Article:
Bowie Knife, the “Arkansas Toothpick” as it’s sometimes called.


A knife is of course an important practical tool to have, and was essential for the survival of many of our Ozark ancestors, but it’s also an important object for the healer. It can be used to cut through sickness, in a symbolic sense, as well as perform any home surgeries that might be needed.

Here we’re going to be talking about the symbolic use of the knife as an object that represents this magical “cutting.” This symbolic “cutting” can take many forms, such as separating a sickness from a person, or separating an evil influence, or “cutting” through illusions or bewitchment. A knife or axe can also be used to “cut” weather, as seen in an example below. The knife and the axe are often used in the same way. You can see a similar usage with birth pains. A remedy for a painful labor can come from placing a knife or axe under the bed of the pregnant woman so as to symbolically “cut” the pain. Nightmares can also be “cut” by placing a knife under the dreamer’s pillow, or a room protected from evil by suspending a knife over the door. Sickness can be removed from a person by tying a string around the afflicted part of the body then cutting it (the string) off and destroying or burying it.

These are just a few examples of this kind of “cutting,” there are many more out there. Folk magic tends to be based on the sympathetic connection between object and cure, so that you can use a knife in any situation that would call for a symbolic, or physical, cutting.

Here are some knife uses and folkways collected by Vance Randolph and included in his “Ozark Magic and Folklore”:

Knife Taboo:
“No hillman would think of giving a steel blade to a friend such a gift is sure to sever their friendship. Whenever a knife changes hands, it must be paid for, even if the sum is merely nominal. I have seen a salesman, a graduate of the University of Missouri, present his son with a valuable hunting knife but he never let it out of his hand till the boy had given him a penny.”

“The accidental crossing of two case knives at the table must be avoided, as it is likely to cause a desperate fight between members of the family; if knives are crossed inadvertently, they must be touched only by the same person who crossed them…If one finds an open clasp knife he snaps the blade shut immediately; if it is a sheath knife of the rigid kind, he thrusts the blade into the ground at once.”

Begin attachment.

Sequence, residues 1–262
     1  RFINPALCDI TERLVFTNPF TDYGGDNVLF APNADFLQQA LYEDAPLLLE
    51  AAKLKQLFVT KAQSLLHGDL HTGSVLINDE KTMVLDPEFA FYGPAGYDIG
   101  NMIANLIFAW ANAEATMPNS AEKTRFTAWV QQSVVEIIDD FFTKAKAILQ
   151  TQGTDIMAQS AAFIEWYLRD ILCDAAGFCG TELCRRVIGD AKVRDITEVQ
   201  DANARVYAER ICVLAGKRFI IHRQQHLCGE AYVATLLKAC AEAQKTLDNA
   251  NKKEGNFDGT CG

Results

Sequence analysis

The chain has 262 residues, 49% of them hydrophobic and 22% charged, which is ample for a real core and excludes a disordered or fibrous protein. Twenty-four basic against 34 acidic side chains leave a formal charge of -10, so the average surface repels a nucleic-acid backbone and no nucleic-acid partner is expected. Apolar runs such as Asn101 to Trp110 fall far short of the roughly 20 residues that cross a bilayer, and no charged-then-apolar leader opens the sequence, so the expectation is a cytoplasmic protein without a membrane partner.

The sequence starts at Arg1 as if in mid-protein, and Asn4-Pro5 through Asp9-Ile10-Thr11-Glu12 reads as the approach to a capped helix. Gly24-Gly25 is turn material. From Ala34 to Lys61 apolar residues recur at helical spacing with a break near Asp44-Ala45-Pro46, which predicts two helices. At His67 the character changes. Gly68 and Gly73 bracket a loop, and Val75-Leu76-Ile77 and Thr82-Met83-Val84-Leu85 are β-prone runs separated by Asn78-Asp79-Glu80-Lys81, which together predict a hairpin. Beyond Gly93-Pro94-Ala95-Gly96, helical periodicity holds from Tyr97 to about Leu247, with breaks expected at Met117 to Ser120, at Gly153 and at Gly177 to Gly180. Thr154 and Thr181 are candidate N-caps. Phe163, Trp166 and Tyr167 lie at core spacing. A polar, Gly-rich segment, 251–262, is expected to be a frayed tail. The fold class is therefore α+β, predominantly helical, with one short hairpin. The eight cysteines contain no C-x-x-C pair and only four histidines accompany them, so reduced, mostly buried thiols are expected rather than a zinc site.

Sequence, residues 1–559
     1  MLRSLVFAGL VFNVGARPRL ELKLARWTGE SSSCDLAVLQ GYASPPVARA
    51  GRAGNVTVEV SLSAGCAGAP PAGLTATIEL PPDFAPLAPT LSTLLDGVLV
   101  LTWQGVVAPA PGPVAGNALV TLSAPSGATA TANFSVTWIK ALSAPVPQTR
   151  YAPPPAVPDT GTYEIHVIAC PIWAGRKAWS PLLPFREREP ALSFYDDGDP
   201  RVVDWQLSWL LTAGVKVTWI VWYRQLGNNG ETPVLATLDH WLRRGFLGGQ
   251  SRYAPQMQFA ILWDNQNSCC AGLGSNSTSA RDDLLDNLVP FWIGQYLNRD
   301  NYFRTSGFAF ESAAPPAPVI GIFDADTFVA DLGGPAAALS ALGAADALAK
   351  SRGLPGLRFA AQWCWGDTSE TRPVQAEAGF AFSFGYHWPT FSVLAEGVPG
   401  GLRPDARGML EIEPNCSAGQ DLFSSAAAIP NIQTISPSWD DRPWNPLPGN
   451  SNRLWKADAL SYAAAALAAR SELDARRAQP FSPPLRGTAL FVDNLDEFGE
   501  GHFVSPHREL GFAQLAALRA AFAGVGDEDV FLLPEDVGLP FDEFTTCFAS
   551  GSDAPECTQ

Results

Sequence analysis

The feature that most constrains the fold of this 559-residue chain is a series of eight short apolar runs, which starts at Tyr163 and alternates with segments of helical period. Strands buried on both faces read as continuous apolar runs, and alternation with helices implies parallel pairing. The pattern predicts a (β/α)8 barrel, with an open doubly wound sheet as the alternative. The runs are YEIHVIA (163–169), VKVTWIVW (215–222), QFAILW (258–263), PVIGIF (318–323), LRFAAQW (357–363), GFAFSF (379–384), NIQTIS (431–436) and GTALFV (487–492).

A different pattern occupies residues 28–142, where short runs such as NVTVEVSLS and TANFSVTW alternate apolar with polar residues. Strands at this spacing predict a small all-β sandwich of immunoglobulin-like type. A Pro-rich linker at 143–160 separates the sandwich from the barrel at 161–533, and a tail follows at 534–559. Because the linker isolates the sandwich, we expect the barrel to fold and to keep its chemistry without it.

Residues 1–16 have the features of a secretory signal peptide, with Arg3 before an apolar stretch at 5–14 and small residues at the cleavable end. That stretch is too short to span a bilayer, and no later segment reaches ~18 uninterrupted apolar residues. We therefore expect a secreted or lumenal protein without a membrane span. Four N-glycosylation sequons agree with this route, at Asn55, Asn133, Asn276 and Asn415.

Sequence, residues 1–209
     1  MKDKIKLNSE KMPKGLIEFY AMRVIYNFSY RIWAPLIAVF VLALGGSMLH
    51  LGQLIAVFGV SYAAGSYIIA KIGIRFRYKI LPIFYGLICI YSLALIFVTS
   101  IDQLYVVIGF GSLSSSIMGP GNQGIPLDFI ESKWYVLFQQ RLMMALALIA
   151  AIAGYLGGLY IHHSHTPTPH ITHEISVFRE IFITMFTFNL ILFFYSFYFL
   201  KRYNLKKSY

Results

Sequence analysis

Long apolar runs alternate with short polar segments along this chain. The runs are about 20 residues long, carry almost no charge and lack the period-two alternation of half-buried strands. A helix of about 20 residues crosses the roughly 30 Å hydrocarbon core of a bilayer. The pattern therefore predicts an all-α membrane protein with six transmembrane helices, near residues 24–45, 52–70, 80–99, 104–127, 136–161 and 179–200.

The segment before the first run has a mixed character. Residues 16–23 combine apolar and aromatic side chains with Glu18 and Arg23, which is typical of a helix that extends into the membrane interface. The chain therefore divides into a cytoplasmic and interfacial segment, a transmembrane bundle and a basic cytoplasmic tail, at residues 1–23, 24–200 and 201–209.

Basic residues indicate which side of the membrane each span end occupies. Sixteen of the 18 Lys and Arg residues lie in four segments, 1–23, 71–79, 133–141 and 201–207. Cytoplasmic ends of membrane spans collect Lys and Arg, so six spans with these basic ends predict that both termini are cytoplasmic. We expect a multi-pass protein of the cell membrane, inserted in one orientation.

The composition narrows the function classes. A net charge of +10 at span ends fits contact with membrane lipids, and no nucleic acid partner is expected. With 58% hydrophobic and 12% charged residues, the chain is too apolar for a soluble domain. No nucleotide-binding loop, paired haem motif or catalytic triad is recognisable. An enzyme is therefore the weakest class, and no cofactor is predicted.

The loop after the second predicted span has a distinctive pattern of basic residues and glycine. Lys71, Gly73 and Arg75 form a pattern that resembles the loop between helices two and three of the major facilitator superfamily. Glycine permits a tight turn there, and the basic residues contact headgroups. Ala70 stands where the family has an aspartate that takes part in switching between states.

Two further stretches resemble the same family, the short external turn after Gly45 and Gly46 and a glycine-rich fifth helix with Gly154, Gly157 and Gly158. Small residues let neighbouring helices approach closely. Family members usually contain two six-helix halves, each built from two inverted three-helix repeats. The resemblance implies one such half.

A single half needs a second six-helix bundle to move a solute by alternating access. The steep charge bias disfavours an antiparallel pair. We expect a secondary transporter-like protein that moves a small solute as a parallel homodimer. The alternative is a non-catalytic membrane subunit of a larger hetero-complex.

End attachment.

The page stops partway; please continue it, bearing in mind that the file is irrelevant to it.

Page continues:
“Members of the older generation feel strongly that cornbread must be broken it is very bad luck to cut it with a knife. Some old-timers are much upset to see a stranger, even in a hotel, cutting cornbread. I have known several who refused to eat at the table where such a thing occurred but got up and left at once.”

“There is an old story to the effect that when a farmer sees a cyclone coming he should run into a field and stick his knife into the ground, with the edge of the blade toward the approaching cloud. The knife is supposed to ‘split the wind,’ so that his dwelling and barn will be spared. This notion is widely known in the Ozarks, and it is said that it is still practiced in Carroll county, Arkansas.”

For Warts:
“A prominent Arkansas lawyer tells me that in his boyhood the essential thing was to cut big notches in a stranger’s apple tree with a stolen knife, one notch for each wart to be removed. This was quite an undertaking, for knives were highly prized and hence difficult to steal. Even more serious was the fact that the people in the neighborhood were all acquainted, so that a boy had to travel a considerable distance before he could find a stranger’s apple tree.”

“There is a very general notion in the hill country that the instrument which caused a wound is still a part of the situation and must be somehow included in the treatment given the wound itself. Thus when a mountain man cuts himself accidentally, he hastens to thrust the offending knife or ax deep into the soil, believing that this will stop excessive bleeding and make the wound heal faster.”

Birth Lore:
“Not many hillfolk practice any sort of magic to determine the sex of an unborn child, although some granny-women teach that parents may ‘fetch a boy’ by sticking a knife in the mattress, while a woman who wants a girl can get results by placing a skillet under the bed.”

“Some people are accustomed to place a knife under the dreamer’s pillow, to prevent nightmares. I once noticed a small girl, not more than ten years old, sleeping with the handle of an enormous homemade bowie knife sticking out from under her pillow. ‘Maizie used to wake up a-hollerin’,’ the mother told me, ‘but since I put that there knife under the piller, we aint had no more trouble.’”